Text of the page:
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06 June 2018

Make yourself at home! The BBC in a multi-cultural world

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David Hendy, Professor of Media and Cultural History at the University of Sussex writes about an upcoming event at the British Library, Britain Reimagined: A New Oral History of the BBC.

The clue is in the name. The British Broadcasting Corporation. It’s a national broadcaster. When its motto proclaims that “Nation Shall Speak Peace unto Nation”, it doesn’t just mean different nations speaking to each other. It also means the nation – Britain - speaking to itself.

But who exactly gets to speak? When the BBC began in the 1920s, it all seemed straightforward – at least to that great Founding Father, John Reith. Christian, high-minded, infused with Victorian spirit of paternalism, Reith was adamant: only “the best” in thought or culture should be broadcast, “only those with a claim to be heard above their fellows” should talk at the microphone, only those with an “educated” southern English accent could be announcers, only programmes of devout Christianity could be aired on a Sunday.

Even at the time, this took little enough account of the richness of regional or working-class life. But after the Second World War - when Britain became home to thousands of immigrants from the Caribbean or Eastern Europe, and later from Kenya, Uganda, India and Pakistan – a dramatic change in attitude was surely inevitable. Like most who arrived at Tilbury on the Empire Windrush in 1948, many of the new immigrants were already British subjects: this was their Motherland. And there’d been a rich Black and immigrant presence here for centuries. Even so, for the BBC a new balancing act was required. Differences had to be acknowledged, yet new settlers needed to be integrated. Which was more important?

Una%20Marson%20in%201941%20hi000374838Una Marson during a BBC broadcast to the West Indies, 1941. Copyright: BBC.

The story of how the BBC navigated these tricky waters can be traced in vivid technicolour through the BBC’s own immensely rich archives, more and more of which are being opened-up to public view for the first time. They offer a lively gallery of programmes and pioneering individuals. Una Marson, pictured above, was born in Jamaica and joined the BBC’s staff during the Second World War. She was the first black producer on its payroll – and a pioneer in cultural programmes transmitted to the Caribbean.

Una Marson interviewing Ken "Snakehips" Johnson, 1940. Copyright: BBC.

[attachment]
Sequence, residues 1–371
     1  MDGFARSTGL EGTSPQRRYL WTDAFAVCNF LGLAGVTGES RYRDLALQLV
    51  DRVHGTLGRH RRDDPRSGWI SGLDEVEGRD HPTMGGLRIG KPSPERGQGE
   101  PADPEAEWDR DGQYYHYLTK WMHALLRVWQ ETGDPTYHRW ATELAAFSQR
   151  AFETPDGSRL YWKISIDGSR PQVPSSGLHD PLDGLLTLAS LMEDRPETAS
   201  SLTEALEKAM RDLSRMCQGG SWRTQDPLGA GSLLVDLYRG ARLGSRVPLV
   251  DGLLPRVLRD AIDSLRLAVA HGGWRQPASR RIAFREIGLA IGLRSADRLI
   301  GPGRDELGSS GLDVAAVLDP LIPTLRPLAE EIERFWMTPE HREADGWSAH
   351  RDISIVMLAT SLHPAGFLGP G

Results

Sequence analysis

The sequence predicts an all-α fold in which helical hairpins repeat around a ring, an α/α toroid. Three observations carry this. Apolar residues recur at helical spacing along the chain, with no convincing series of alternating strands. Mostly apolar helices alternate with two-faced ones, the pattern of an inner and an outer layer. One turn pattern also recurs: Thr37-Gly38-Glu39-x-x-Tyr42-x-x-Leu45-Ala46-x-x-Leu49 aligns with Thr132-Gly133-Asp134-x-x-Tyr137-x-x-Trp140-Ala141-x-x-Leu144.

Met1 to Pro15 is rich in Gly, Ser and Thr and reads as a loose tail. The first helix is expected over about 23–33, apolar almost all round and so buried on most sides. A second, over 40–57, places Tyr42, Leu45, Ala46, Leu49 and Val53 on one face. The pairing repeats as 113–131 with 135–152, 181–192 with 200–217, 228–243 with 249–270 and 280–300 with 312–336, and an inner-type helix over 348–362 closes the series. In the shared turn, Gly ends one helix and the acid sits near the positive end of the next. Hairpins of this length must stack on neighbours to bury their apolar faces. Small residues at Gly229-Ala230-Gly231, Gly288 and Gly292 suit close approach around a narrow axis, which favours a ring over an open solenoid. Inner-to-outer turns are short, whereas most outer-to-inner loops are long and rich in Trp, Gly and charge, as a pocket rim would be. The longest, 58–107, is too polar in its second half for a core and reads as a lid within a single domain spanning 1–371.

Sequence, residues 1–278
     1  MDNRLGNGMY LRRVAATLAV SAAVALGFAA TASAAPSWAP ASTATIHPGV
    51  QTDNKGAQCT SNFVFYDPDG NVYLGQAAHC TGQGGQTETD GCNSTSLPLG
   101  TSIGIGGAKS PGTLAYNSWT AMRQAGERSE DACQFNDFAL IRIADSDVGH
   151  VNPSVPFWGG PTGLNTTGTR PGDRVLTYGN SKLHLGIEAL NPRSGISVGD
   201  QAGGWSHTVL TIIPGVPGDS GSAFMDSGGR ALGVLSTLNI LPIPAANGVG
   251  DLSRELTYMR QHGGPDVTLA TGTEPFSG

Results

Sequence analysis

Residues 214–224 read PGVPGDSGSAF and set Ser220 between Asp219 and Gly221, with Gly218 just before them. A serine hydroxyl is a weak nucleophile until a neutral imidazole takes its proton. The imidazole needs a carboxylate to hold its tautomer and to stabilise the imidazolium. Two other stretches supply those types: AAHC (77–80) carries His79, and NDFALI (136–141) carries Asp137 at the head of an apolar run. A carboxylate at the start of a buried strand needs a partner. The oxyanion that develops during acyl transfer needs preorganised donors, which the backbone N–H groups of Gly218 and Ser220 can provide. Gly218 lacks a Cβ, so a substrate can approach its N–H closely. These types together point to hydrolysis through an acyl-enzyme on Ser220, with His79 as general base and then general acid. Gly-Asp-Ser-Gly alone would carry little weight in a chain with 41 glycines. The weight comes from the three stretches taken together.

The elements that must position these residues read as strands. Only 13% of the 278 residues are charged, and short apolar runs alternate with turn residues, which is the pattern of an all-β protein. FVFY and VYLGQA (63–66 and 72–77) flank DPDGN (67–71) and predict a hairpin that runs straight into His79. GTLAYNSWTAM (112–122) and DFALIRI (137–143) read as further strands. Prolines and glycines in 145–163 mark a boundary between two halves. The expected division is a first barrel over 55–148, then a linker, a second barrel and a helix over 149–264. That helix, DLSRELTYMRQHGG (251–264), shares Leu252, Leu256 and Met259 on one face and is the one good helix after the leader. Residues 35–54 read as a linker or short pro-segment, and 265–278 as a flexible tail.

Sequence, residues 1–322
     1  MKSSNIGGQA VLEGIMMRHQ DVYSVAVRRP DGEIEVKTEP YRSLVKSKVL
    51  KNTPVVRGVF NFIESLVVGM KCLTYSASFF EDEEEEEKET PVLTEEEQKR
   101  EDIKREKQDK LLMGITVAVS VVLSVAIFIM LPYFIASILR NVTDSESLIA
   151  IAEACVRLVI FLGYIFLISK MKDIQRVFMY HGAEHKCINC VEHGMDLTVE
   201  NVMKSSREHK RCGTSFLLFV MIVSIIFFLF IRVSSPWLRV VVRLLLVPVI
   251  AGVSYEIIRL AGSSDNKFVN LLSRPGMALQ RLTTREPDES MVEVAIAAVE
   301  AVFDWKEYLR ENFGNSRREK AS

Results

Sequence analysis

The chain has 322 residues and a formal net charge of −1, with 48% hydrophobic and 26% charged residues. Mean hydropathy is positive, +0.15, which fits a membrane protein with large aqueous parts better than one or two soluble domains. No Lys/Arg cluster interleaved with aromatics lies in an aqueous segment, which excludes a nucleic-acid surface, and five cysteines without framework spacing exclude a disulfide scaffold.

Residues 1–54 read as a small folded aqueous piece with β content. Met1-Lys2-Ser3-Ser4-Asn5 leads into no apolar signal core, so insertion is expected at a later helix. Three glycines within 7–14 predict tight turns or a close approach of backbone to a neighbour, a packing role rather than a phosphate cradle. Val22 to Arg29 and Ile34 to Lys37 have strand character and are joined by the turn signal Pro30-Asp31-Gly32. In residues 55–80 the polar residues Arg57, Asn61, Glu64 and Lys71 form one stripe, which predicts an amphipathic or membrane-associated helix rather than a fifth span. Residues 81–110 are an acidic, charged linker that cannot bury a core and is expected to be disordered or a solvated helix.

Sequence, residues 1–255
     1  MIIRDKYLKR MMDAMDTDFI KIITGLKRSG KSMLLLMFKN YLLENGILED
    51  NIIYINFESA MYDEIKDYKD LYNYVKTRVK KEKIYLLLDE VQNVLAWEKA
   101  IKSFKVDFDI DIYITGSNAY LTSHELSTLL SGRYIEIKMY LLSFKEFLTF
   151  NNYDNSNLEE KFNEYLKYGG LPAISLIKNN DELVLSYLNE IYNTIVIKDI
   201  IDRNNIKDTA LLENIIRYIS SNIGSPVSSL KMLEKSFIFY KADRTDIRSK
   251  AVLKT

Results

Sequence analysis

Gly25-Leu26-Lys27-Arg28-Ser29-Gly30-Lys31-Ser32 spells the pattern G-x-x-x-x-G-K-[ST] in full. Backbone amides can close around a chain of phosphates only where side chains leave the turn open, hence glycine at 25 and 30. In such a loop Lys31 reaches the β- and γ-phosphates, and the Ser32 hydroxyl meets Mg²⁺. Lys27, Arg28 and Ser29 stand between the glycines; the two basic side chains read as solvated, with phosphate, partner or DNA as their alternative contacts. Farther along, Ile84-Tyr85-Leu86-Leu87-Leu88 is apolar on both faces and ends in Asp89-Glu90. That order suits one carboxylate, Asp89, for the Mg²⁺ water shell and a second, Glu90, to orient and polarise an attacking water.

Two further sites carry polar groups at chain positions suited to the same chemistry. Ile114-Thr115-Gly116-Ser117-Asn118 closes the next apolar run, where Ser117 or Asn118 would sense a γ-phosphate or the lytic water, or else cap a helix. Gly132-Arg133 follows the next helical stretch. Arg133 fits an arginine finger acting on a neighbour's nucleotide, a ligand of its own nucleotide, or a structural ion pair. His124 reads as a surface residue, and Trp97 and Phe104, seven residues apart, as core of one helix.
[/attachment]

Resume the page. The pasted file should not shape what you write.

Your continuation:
That fragile recording of Marson interviewing the jazz band-leader Ken “Snakehips” Johnson in 1940, only a matter of months before he was killed in the London Blitz, is just one among many we’re making available online through a new project based at the University of Sussex, working in collaboration with the BBC.

At our workshop on 10 July, Britain Reimagined: A New Oral History of the BBC we’ll be listening to, watching - and talking about – Una Marson, the programmes she made, and her dramatic departure from the BBC in 1946. Through newly-released oral history recordings and programmes not seen since their first broadcast, we’ll also be encountering many other fascinating individuals who helped – and in some cases hindered – the BBC’s slow embrace of a multi-cultural world: the people behind the first TV programmes for British Asians in the 1960s, Make Yourself at Home; the creators of Open Door, a bold 1970s experiment in ‘access TV’; the broadcasters who first brought Hindus, Sikhs and Buddhists to the microphone.

The story these records tell isn’t straightforward: the BBC was brave in some areas, cautious in others. Nor is the story always reliable. There are gaps in the archive – including the testimonies of listeners and viewers themselves - and questions to be answered about who gets to tell the BBC’s own history now.

MikePH2Mike Phillips, former broadcaster, 2018. Copyright: Connected Histories of the BBC.

So, we’ll also be joined live on 10 July by a special guest – and a brand-new contributor to our ‘unofficial’ oral history of the BBC: the former journalist and crime-writer Mike Phillips, pictured above, who in 1998 wrote the ground-breaking book Windrush: The Irresistible Rise of Multi-Racial Britain. We hope you can join us.